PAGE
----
Step 2 of 12 to Financial Wellness: Creating a Budget

Now that you’ve tracked your spending and kept a careful record of where your money goes over the course of a month, you’re ready to move onto the next step of financial wellness: creating a budget. Budgets play a crucial role in promoting financial awareness, which then helps to facilitate more responsible money choices. This discipline will benefit you individually, as well as all who are part of your household. 

Let’s get started by taking a look at how to create a budget and review some popular budgeting systems and how they work. . 

Create a budget in 5 easy steps

  • Track your spending and income. This includes all your financial documents, such as your account statements, bills and pay stubs. [If you’ve followed Step 1, you’ve already completed this step–nice work getting ahead of the game!]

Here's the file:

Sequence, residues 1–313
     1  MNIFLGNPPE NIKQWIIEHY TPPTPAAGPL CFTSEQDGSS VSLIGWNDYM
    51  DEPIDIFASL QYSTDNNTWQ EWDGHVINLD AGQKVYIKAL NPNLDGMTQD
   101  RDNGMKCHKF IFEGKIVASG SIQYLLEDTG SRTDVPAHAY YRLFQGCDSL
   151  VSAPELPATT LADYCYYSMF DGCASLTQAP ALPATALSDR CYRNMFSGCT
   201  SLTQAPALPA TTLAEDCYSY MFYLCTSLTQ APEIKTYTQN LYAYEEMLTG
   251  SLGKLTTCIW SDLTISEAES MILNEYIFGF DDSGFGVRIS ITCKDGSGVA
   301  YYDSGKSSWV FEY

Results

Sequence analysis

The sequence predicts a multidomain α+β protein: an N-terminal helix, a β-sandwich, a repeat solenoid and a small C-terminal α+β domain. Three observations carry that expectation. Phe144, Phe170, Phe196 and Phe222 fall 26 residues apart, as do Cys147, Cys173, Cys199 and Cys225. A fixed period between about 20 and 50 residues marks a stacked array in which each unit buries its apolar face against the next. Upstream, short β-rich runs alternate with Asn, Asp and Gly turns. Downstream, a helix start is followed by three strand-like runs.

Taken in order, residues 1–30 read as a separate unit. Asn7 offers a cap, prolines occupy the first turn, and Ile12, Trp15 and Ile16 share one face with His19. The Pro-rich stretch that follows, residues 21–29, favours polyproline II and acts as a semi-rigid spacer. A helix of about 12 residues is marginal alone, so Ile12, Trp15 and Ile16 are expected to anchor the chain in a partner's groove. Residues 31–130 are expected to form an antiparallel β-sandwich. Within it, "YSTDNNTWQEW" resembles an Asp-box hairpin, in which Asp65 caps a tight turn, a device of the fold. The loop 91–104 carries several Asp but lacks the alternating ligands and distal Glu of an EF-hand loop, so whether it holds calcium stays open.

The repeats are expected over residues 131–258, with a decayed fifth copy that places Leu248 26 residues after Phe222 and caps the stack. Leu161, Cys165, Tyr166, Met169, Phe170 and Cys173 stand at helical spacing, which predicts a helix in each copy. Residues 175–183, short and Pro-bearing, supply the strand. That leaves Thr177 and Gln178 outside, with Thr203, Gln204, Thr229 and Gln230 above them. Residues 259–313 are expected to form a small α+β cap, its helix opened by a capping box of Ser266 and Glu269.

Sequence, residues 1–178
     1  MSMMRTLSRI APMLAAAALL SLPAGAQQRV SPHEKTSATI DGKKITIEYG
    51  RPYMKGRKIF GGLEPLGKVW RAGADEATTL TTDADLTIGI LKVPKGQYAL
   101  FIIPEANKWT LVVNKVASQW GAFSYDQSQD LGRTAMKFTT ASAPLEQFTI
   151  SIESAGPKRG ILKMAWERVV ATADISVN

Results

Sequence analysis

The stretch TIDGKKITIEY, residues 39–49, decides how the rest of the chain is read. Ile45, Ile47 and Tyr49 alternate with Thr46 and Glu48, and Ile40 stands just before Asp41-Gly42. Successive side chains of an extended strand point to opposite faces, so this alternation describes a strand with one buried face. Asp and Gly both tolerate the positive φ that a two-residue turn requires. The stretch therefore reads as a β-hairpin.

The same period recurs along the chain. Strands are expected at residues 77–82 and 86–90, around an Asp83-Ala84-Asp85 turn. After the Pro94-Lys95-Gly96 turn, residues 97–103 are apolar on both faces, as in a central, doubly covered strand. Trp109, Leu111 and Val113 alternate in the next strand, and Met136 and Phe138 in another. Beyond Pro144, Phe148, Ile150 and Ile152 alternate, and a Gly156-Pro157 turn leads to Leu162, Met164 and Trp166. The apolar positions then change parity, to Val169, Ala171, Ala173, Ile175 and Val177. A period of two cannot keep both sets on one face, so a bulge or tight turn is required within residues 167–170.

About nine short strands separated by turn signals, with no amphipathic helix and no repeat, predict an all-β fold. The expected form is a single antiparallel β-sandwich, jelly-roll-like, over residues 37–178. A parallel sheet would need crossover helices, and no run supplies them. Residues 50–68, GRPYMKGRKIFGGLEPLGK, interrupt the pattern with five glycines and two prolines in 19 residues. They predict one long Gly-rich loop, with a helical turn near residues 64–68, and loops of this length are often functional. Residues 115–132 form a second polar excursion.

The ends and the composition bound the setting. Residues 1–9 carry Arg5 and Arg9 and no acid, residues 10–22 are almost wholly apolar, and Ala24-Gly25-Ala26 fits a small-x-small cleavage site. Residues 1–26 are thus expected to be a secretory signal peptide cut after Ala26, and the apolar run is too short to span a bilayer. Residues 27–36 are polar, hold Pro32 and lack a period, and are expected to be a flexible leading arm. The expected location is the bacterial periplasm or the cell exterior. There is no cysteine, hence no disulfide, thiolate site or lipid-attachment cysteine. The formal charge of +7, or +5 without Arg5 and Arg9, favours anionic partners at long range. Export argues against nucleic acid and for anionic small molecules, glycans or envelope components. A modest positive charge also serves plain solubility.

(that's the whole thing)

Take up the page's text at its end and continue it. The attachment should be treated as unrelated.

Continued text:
• Tally up your totals. Calculate the totals of your monthly expenses and all your streams of income. If your income exceeds your expenses, you’re in a good place. However, if your expenses exceed your income, or the numbers are too close for comfort, you’ll need to trim some discretionary expenses to make it through the month without falling into debt if an unforeseen big expense happens. 
  • List your needs. Your needs include anything that is essential for living and basic functions, such as rent or mortgage payments, savings, food and clothing. Needs always take priority in a budget. As you list each need, write down its corresponding cost. Sum up the total of your needs when you’ve finished. 
  • List your wants. This includes anything that is not essential for living, like entertainment costs, brand-name clothing and eating out. Here, too, note the monthly cost of each item on your list and add up the total when you’re done.